Wildlife update 4: Seals / by Jerry

The Fur Seal pups were starting to be born as I departed for my enforced break, so I missed a good amount of seeing them small and cuddly. When I returned they'd started to shed their black puppy hair and develop the sleek grey fur that will keep them warm in the water. They'd also begun to be left alone more as their mums headed out to sea to feed, returning full of milk to help their pups grow big. Before leaving many of the mums take their pups up the slopes, finding somewhere safe to leave them and somewhere they can return to find them again.

Curious young pup,

Grumpy blondie pup.

That's the theory anyway. It seems as soon as many of the mums leave the pups go exploring, heading back down to the beaches to meet up with other pups for playing and fighting (often indistinguishable) and later on heading into the shallow waters and rock pools to have a go at swimming.

Splashing down the stream in heady anticipation of some fun in the sea.

Seeing them charging round the small pools, chasing each other or wrestling with bits of kelp is hugely entertaining. It's like they've just discovered what their flippers are for, discovered what it is to be a seal. At this time they're both very curious and a bit nervous, so will come and investigate anything unfamiliar, such as a person or a camera, but will quickly turn and swim off once they feel unsafe, usually returning a minute later for another look.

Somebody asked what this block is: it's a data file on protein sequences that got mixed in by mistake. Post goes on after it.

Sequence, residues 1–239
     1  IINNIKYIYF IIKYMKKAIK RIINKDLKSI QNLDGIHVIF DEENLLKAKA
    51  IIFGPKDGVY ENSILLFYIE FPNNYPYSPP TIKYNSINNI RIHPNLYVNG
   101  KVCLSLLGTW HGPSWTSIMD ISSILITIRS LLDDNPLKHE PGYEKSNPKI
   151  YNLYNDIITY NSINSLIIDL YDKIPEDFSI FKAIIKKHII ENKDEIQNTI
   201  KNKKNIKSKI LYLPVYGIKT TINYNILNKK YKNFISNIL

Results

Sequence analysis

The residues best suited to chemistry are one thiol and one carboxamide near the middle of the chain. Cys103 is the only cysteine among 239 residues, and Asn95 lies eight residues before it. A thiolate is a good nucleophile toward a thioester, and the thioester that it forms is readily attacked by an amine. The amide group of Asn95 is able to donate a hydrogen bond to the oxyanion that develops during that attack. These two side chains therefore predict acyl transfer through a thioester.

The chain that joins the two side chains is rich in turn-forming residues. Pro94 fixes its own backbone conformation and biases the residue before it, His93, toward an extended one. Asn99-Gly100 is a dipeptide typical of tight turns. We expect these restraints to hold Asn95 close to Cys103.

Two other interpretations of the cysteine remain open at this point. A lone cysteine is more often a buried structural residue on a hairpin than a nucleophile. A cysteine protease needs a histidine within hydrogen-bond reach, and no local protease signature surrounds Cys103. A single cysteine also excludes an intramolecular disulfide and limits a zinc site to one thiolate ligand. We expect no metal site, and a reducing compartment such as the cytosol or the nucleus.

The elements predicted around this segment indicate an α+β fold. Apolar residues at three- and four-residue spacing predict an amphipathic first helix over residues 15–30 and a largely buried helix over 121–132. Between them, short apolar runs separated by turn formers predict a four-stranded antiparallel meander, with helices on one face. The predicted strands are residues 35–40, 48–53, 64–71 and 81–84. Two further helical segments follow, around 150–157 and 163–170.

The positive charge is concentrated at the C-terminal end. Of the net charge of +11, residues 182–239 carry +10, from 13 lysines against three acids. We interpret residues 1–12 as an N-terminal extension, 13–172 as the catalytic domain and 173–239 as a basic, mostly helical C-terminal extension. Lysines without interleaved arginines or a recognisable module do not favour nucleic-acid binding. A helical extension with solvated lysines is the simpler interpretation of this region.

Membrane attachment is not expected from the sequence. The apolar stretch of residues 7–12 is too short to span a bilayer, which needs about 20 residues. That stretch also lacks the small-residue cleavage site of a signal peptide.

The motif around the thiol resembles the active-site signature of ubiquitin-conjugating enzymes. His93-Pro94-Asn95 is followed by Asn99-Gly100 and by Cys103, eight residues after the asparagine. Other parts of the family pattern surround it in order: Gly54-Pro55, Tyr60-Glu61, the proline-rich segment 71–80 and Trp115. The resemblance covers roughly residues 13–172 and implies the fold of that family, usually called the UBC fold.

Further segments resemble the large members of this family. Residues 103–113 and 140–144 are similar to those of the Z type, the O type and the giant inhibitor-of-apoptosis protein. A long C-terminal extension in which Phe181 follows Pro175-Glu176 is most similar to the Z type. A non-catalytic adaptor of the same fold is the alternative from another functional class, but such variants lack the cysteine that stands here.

Fighting with a bit of kelp.

Fighting a friend over a feather.

The goal; to be so good at swimming you can lie on your back, scratch and yawn while doing it.

Investigating the underwater camera in a small pool.

As with the birds, weighing the pups on specific dates is a simple way to get an idea of the health of the population that can be compared to previous years. This is done three times through the year and by the third occasion they're pretty big, quick and feisty. With the heaviest nearly 20kg it can be quite a task, but a good one that ensures everyone gets muddy together.

Three mud-spattered puppy-weighers.